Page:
In all this discussion regarding grounded towers and multiple grounded
yagis that appear to dissipate lightening strikes or protects better than a
single tower with few yagis. I recently heard that the new Steppir Antenna
with its insulated (shielded) elements tend to reject the electrostatic
build up during rain/snow storms (rain static or snow static) during
intense downpours (S meters go to 20 to 40 dB over S9) wiping out the band.
Having a stack of these I would persume would not be very effective when it
comes to this lightening dissipation action found with grounded elements.
Any comments group? At first I thought the new Steppir might be the answer
to a problem that affects us all during these storms (that tend to show up
during contests) - rain static rendering the band useless, unless you
listen on the lower antenna of a stacked array.
K3BU@firstname.lastname@example.org on 06/01/2003 09:45:16 PM
Sent by: email@example.com
Subject: Re: [TowerTalk] Length of Mast
In a message dated 6/1/03 6:16:41 PM Eastern Daylight Time,
> From MY personal experience and comments made by others with similar
> experiences I firmly believe that a naked tower, with or without a
> rod tends to attract lightning. But that a well grounded tower with
> of grounded Yagi elements tends to reduce or virtually eliminate strikes
> in the immediate vicinity. YMMV!
Back in Toronto it really striked me when I upgarded from 65 ft tower with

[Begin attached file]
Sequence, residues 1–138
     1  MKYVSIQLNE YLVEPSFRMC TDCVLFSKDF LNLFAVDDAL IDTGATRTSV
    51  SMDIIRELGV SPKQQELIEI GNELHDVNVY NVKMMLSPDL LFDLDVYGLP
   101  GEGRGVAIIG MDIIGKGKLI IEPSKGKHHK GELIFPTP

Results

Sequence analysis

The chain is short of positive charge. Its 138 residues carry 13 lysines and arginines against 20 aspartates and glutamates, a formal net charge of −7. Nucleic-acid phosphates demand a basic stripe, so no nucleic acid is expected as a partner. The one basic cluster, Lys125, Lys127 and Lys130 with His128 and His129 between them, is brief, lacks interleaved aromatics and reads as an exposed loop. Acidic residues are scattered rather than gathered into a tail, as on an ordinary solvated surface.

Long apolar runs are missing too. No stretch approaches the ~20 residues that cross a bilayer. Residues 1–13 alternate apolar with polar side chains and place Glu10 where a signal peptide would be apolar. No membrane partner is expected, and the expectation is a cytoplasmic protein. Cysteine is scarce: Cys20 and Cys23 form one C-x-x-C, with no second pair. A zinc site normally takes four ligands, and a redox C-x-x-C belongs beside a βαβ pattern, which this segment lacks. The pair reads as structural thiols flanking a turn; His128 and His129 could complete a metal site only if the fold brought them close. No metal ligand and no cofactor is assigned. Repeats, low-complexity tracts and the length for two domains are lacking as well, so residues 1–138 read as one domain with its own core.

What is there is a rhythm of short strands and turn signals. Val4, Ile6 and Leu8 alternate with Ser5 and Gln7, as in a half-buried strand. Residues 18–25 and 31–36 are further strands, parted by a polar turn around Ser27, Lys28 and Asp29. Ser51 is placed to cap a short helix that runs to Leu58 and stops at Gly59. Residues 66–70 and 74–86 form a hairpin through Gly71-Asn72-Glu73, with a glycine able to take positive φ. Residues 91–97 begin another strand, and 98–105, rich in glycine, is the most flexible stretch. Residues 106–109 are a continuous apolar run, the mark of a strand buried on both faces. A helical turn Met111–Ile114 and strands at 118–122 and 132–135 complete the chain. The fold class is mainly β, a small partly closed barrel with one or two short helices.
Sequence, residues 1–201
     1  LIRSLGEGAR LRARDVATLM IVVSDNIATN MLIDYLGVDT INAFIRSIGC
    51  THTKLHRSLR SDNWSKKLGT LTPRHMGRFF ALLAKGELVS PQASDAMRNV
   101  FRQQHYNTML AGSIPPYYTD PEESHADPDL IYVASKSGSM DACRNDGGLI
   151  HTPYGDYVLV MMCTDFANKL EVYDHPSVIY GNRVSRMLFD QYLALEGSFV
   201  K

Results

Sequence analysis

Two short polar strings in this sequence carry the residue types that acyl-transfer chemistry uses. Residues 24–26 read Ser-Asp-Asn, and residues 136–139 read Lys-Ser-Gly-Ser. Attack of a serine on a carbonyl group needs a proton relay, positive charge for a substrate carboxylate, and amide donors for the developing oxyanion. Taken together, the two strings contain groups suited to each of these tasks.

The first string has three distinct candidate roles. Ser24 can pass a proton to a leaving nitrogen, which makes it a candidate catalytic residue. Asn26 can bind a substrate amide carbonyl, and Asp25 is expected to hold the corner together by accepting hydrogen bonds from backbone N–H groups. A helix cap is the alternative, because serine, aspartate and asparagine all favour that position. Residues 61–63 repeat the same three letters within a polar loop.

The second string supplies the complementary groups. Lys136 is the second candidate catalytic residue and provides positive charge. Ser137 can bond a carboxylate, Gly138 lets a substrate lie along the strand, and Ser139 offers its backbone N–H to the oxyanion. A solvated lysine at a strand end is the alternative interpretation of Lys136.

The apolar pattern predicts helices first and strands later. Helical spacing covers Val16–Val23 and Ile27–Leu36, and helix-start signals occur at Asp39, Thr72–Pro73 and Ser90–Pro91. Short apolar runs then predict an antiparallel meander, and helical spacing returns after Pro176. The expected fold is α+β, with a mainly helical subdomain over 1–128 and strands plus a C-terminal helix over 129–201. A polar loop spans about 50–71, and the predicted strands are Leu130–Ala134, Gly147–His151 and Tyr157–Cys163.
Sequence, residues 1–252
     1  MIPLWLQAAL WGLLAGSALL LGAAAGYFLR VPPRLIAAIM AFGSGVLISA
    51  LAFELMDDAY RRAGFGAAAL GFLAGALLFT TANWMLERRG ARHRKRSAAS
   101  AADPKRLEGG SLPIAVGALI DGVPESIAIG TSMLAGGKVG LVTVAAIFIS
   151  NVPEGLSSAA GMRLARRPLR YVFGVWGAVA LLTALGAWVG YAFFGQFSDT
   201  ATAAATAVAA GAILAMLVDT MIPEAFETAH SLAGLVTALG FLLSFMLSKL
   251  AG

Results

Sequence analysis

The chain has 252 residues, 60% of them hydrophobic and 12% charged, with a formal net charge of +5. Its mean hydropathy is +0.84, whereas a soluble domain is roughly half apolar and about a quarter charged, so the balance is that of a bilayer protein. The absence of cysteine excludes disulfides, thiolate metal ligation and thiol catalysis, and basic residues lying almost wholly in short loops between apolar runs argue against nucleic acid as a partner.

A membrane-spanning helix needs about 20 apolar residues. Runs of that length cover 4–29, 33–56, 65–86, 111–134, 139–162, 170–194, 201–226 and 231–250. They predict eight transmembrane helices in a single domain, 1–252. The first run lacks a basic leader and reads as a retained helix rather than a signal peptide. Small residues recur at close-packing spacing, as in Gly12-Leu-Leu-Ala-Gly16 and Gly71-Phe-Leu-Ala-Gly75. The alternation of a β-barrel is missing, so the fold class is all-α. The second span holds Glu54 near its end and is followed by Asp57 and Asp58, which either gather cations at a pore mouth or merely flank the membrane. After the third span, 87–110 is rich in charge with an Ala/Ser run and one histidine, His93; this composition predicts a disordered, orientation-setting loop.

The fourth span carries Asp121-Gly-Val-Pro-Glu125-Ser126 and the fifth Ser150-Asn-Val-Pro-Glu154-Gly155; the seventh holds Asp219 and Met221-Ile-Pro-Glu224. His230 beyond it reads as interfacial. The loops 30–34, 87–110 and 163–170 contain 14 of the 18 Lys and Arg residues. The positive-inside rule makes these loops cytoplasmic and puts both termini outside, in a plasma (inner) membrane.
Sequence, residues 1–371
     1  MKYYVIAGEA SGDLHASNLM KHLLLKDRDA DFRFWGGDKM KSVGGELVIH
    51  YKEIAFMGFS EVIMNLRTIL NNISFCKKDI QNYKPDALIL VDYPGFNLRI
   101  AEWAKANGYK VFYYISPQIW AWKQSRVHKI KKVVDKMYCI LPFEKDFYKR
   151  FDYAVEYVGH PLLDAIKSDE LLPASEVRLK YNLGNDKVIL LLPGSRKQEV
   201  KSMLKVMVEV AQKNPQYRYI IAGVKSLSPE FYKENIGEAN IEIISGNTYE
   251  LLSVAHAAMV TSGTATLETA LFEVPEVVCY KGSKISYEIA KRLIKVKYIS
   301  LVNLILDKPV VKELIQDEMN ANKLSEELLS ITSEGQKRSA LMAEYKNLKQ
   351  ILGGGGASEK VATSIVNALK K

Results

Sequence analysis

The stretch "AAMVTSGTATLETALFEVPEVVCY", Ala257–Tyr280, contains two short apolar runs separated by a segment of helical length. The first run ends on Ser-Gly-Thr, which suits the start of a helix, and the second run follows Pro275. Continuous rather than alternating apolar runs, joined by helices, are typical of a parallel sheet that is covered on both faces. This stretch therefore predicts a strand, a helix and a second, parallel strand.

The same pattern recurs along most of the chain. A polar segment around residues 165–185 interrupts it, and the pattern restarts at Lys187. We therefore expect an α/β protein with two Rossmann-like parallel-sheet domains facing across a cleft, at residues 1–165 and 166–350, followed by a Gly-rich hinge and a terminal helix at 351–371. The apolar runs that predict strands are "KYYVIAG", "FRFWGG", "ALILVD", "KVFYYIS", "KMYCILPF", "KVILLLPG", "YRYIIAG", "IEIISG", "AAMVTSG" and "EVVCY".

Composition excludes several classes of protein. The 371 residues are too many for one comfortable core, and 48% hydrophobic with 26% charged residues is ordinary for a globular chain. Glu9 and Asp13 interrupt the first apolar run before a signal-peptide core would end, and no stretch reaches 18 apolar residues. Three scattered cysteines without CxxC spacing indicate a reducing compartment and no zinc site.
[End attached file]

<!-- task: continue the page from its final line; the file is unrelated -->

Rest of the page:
TH6 to 110' Bertha with 3 el. full size stretched Telrex 40m beam or pair
ft Razors. With old tower I was hit directly and had appliances selectively
burned around the house twice within couple of years. After I put up Bertha
big antennas, I was NEVER hit over 10 years. I had 2m Ringo Ranger on the
top, so if I was hit with "overlooked" strike, that thing and connected 2m
would have been fried.
Bertha sits in 11' foundation tube with good contact via bearing ring and
(bearing) ball at the base. Before I pored the concrete, I hammered bunch
water pipes (one came to the surface and I used it to water the grounds
contests :-) into the bottom of the foundation hole and welded them to the
foundation tube. It may be purely luck (statistically should not be) but I
also "forced" to believe that big antennas "scare" the lightning away and I
join other big antenna nuts in singing the praise for big antennas.
I think what is happening, that tower with large grounded elements beam
serves as a "drainage" capacitor for the immediate semi spherical area,
charge in vicinity and prevents the formation of the leader and the
big vaporizing strike. Sort of like an umbrella for lightning effect.
the pointy bare tower has hardly any capacitance (looking from the top) and
looks "attractive" to lightning for starting the leader and strike. This
the next best thing to do (if can't go high and big), use classic lightning
arrestors and grounding trying to start and create the path for lightning,
rather than letting it hit structures like houses and barns.
Another proof of "umbrella effect" is that when you have static from the
rain, the top antenna is useless, 20 over 9 QRN. Bottom antenna in the
BTW our nasty next door neighbor was once hit twice within 3 minutes and we
got some appliances fried via underground electrical wiring surge (no tower
here). So what we need now is to pass the law requiring hams to have big
and antennas and to provide the protection to the neighboring citizens. All
those no antenna communities are horibly exposed to lightning damage.
Yuri, K3BU, VE3BMV
I don't have a degree in lightning sciences and I don't sell antennas (yet
See: http://www.mscomputer.com for "Self Supporting Towers", "Wireless
Weather Stations", and lot's more. Call Toll Free, 1-800-333-9041 with any
questions and ask for Sherman, W2FLA.
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